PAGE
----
Of birch trees, pedal scooters and eternal baptism

It‘s the relatively small things which illustrate much more clearly than the larger ones how politicians throw our money away.

Yes, it‘s our money and that of our children, not the money of the politicians. But they throw it down the drain without any consideration. And that is particularly rampant in Vienna.

Everyone in Vienna is probably irritated by the 8,310 Euros which were spent for 23 birch trees. They weren't planted for landscaping or ecological reasons, but to commemorate SPÖ politican Johanna Dohnal. 

As it was with composers or poets before, now it is with the politicians. People who consider their kind so important that they spend tax money on themselves even after death.

It is, after all, the forcibly collected money of citizens and not that of voluntary contributors which is spent on the Dohnal birches.

There is nothing to be said against contributions. Maybe there are in fact some people somewhere who consider Dohnal memorable despite her mismanagement of the pension system running into a billion euro debacle. It is, however, tax money. In this particular case it is spent under the pretext of women’s projects and interdisciplinary art initiatives (And no, this isn‘t my language but that of the politicians when they describe how they are picking our pockets). Moreover, the birch money comes out of the budget of the minister of education, who supposedly doesn’t have enough to equip schools properly.

Even more is requested of the city budget itself. In that particular pot to name another concrete and illustrative example there is even money for parking spaces specifically for pedal-scooters. Maria Vassilakou forks out 43 Euro for it. Per pedal scooter. You can‘t make these things up. Such things are only possible in Vienna.

You can be certain of one thing with the Green party: Once again, as with the rarely used bicycle stands, the idea comes at a cost to the community at large, not only financially but in terms of space, space wanted by the paying-parking space users.

The Amerling House is another pet project of the Green party which has been expensive for decades. This is where the madness of politicians becomes more expensive by a few zeros.

The landlords considered the assigned 113,000 Euro budget as not enough, which is why the city, the responsible left winger Oxonitsch, threw in another 132,000 Euros of tax money, simply ignoring the quite simply incomprehensible use of funding to date.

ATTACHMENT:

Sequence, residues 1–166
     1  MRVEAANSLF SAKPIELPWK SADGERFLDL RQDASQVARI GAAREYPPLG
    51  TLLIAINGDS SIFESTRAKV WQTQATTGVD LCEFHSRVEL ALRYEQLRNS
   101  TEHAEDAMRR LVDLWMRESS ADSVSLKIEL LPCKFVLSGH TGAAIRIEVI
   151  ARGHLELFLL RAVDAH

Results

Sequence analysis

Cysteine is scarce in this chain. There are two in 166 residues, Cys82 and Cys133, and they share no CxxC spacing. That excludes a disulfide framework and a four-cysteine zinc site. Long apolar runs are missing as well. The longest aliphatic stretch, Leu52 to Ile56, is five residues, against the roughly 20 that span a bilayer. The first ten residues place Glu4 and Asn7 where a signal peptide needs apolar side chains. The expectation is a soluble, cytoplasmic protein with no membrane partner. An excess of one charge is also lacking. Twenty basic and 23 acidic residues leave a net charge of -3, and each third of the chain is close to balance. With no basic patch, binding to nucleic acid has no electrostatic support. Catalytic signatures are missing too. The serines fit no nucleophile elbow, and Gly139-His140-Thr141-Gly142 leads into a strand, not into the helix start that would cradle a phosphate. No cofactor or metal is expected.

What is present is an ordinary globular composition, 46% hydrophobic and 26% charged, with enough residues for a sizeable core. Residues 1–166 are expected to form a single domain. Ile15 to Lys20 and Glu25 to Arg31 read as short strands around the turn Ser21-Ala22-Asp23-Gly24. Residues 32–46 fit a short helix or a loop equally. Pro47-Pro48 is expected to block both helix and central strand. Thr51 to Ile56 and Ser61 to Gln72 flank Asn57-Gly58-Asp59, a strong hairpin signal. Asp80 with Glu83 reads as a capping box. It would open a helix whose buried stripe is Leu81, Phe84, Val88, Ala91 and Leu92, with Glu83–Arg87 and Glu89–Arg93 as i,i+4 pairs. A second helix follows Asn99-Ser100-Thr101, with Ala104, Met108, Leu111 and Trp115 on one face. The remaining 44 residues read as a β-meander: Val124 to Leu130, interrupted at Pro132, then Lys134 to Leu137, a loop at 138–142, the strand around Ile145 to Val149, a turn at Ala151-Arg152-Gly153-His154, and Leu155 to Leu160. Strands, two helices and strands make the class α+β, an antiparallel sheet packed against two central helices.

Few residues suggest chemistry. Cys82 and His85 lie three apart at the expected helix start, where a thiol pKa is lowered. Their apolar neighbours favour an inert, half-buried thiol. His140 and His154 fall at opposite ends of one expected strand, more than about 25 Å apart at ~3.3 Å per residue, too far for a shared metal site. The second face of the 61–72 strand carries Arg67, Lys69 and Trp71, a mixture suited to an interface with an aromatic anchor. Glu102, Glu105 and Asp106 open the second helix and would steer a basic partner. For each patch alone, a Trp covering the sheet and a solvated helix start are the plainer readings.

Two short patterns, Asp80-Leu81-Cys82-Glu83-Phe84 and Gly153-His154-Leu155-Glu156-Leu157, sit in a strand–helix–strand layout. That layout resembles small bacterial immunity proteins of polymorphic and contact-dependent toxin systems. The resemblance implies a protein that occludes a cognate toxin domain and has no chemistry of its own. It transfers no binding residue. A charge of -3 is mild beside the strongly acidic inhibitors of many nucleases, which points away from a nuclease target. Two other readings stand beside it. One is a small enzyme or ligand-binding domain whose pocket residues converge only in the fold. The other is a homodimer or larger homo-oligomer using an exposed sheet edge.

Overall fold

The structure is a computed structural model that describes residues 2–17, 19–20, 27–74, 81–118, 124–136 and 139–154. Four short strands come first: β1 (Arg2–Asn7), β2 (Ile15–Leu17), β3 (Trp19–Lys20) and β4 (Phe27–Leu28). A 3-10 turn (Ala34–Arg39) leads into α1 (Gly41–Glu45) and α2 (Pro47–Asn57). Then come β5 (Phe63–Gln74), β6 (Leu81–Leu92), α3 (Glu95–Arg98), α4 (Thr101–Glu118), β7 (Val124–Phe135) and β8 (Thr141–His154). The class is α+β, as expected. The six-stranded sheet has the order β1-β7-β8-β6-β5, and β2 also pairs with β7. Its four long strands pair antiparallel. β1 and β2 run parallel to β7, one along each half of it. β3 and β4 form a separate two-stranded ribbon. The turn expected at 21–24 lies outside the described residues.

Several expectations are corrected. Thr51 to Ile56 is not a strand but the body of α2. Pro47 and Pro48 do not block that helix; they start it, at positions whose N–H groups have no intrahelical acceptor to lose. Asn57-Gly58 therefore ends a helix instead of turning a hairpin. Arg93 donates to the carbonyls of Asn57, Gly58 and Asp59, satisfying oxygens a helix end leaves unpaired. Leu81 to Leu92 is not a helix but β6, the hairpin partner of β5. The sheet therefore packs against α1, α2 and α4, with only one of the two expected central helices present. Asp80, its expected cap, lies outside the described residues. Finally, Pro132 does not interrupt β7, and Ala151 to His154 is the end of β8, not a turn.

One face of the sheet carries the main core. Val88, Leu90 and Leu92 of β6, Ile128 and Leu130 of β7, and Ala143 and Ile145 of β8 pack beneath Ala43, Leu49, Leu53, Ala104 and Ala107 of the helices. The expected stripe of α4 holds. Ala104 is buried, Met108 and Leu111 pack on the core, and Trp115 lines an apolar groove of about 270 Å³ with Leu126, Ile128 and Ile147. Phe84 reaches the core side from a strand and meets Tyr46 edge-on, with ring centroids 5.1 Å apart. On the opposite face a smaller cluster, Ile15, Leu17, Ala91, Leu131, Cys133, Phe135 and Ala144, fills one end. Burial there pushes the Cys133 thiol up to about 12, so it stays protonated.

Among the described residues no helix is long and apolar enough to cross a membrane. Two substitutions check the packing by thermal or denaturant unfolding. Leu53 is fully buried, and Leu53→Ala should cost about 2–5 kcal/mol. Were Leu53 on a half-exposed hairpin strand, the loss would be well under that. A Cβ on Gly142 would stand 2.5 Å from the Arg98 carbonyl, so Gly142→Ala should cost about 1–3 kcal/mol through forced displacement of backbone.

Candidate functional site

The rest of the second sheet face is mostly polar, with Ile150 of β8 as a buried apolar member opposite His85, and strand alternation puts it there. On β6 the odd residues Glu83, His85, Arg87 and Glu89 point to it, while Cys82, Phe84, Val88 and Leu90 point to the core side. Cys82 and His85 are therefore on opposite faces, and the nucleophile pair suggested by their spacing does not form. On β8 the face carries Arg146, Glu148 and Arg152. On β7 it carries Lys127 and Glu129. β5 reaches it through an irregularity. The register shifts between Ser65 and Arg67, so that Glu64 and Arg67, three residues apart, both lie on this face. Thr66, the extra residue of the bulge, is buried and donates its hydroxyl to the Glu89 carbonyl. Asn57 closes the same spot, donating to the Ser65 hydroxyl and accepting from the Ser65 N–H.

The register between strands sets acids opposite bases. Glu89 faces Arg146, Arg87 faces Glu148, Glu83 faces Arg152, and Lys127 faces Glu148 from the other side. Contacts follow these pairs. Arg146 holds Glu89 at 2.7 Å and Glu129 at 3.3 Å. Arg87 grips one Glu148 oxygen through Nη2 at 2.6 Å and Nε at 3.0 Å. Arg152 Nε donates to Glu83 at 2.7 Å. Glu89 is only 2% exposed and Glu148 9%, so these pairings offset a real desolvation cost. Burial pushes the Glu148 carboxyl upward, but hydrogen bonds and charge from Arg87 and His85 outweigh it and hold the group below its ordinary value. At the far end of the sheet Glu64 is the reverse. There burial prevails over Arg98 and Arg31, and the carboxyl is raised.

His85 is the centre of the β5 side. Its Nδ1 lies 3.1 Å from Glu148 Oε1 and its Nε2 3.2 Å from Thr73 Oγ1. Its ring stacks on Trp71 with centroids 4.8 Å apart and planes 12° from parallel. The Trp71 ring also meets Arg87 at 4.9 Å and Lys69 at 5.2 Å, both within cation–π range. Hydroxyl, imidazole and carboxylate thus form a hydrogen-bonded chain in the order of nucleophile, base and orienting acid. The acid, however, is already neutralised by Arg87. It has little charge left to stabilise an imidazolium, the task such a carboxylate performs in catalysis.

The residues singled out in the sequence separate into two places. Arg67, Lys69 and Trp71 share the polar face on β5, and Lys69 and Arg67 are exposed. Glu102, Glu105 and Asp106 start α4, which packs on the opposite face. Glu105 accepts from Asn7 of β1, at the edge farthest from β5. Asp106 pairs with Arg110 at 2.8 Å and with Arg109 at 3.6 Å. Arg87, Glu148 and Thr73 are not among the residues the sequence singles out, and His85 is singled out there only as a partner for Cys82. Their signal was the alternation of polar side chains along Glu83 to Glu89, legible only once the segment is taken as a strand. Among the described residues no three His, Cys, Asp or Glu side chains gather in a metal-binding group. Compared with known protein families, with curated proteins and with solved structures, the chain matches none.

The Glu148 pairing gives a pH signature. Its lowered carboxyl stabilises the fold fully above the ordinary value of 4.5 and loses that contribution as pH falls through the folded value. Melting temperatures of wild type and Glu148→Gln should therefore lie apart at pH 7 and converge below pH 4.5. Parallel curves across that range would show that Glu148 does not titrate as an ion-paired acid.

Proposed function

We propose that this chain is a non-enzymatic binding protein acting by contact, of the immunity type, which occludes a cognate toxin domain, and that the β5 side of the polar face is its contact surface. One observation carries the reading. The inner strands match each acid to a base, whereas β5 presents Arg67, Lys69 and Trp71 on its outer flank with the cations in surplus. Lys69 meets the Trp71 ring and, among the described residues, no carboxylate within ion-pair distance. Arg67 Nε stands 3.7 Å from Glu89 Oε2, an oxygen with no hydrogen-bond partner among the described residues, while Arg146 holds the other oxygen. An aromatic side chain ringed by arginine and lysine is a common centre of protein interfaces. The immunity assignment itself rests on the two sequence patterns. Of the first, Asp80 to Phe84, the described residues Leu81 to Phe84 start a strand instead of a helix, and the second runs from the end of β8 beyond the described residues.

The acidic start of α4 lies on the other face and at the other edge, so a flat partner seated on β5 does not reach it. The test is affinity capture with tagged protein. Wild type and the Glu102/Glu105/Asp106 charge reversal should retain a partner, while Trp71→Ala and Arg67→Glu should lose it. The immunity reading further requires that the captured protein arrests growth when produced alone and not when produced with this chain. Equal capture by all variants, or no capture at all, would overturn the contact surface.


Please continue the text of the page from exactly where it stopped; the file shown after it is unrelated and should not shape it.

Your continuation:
In fact when green-red associations want money and threaten the discontinuation of some activities when there is too little of it, it seems it can always be found.

Even if nobody could ever calculate it to within a cent, money wasted through the persistent name changes of authorities and ministries has long ago run into the millions. The motive of the renaming? In most cases it‘s probably the advisers, who have no clue about substance, and are all the more prepared to spend money to be seen to be doing something, after all, it is not their money.

There are irritating cases by the dozen. Just this week, for a lot of money, the Federal Office for Social and Disability Care became, for a short while, the Federal Social Welfare Office, the Ministry for Social Welfare. So the office has a new name and disabled people are no more (or did I misunderstand something?). 

Or: Why (already under Usula Plassnik) did the BMaA become the BMEIA, at a global cost? Beforehand the Foreign Ministry had been in charge of international and European matters, and for decades at that. In reality even other authorities have, in recent years, increasingly taken responsibility for EU regulations. One has to be downright grateful to Sebastian Kurz that the Foreign Ministry hasn’t been renamed again when he turned from “Federal Minister for European and International Issues” into “Federal Minister for Europe, Integration and the External.”

The BMEIA attracts international mirth, particularly when pronounced. The names of the life and the future ministries are more reason for laughter. They disclose not even a hint of their jurisdiction.

One could investigate such utterly pointless wastes of tax money for pages on end.

I already know: The budget woes of both the city and the state can't be mended with small sums. That can only happen with absolute certainty through a genuine pension reform, namely raising the legal retirement age, even if it’s something which all three major parties shirk.

Nonetheless Bruno Kreisky knew something that has been completely forgotten today: People understand small sums much better than big ones. That‘s why he and several of his ministers tried and succeeded. They more easily made headlines in the media with small things instead of big ones. Wet shaving instead of dry, cabs instead of company cars, using two-sided papers, returning dull pencils before issuing new ones, and focusing on the number of suits his arch enemy Hannes Androsch possessed.

A lot of this sounds silly today but people could still spell the phrase “frugality” then. The current guard of politicians no longer can. It has no money for the construction of a subway. It can only finance tax reforms through new taxes und debts. It avoids genuine pension reform by kilometres, and plants birches instead.

I regularly write commentary for the independent, 24-hour current information page “Vienna.at”

This English version of comment from the Tagebuch was translated by the British journalist Michael Leidig and his team at the Central European News agency. He can be contacted for corrections and improvements to the English here: editor@cen.at

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